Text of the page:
One in three businesses have ‘multiple’ outages a week
Companies are failing to update their software, meaning that because of the strain being put on old data centres, they suffer debilitating network outages on a weekly basis.
That’s the verdict from Brocade, whose latest research found that one in three businesses suffer “multiple” network downtime instances per week. Further, more than nine in 10 (91%) of IT decision makers admit that they have to ‘substantially’ upgrade their infrastructure in order to keep up with the demand of cloud computing. Shockingly, 16% of those surveyed said they experienced daily outages.
On average these outages last around 20 minutes – according to the research 2% of those polled say they’ve encountered downtime of more than an hour.
And in terms of the consequences, more than one in three said that these outages meant their SLA wasn’t hit, which in some cases led to customers looking for reimbursement.
Companies upgrade their data centre every two years, with three quarters of companies polled having a data centre on premise; and the number of data centres being virtualised is going up, from 46% currently to a target of 59% by 2015. But this may not be enough.
Jason Nolet, VP data center switching and routing at Brocade, said in a statement: “Many data centres that exist today are based on 20 year old technologies, and the simple fact is that they can no longer keep up with demand. Virtualisation and cloud models require greater network agility and performance, as well as reduced operational cost and complexity.”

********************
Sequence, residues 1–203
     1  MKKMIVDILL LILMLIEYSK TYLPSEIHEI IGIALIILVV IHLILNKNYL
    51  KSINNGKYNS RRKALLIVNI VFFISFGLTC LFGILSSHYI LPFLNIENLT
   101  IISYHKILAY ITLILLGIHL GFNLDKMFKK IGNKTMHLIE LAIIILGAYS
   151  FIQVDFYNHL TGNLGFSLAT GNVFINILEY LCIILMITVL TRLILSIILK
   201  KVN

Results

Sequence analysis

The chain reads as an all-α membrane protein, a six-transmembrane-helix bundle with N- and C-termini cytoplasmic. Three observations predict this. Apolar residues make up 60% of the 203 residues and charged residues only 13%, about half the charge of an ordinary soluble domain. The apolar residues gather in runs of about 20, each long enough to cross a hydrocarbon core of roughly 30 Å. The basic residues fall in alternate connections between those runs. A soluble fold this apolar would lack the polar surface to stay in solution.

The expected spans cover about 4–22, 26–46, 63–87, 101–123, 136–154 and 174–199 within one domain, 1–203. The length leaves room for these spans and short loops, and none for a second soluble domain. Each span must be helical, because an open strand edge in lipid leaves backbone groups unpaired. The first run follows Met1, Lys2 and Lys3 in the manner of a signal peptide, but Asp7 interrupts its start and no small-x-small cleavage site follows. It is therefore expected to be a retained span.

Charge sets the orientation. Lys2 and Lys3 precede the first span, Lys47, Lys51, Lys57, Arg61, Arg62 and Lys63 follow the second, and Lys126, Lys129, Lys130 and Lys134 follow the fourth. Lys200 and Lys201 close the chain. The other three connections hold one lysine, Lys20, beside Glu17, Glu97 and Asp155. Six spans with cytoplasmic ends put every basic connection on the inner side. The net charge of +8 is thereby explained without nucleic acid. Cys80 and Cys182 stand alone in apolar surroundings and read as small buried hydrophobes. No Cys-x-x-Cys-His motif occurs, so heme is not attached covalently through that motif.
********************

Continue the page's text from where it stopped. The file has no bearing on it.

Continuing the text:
The consequence, as Brocade affirms in its report, is a trend towards software defined networking, whereby, as the name suggests, a layer of software is integrated between the metal network and the network administrator.
According to the research, respondents see productivity (42%), increased real-time information (40%) and, appropriately enough, improved availability (38%), as the key benefits of SDN.
A recent article from ZDNet argues that SDN is where cloud was a few years ago; companies are aware of it, and its potential benefits, but are keen to avoid any hype flying their way, and are reticent to move before they clearly see where it fits in the value chain.
But what’s your opinion? Where do you see SDN fitting in, and will it solve network uptime issues?
- » Microsoft to acquire Affirmed Networks to get onto AWS’ wavelength
- » Blog: How cloud companies are reacting to Covid-19 and services offered: AWS, Alibaba, and more
- » Gartner’s cloud AI developer services Magic Quadrant sees AWS edge out Microsoft and Google
- » Keep your foot on the gas: Maintaining momentum after your cloud migration
- » IDC finds how organisations investing in cloud-based quantum computing seek to gain competitive edge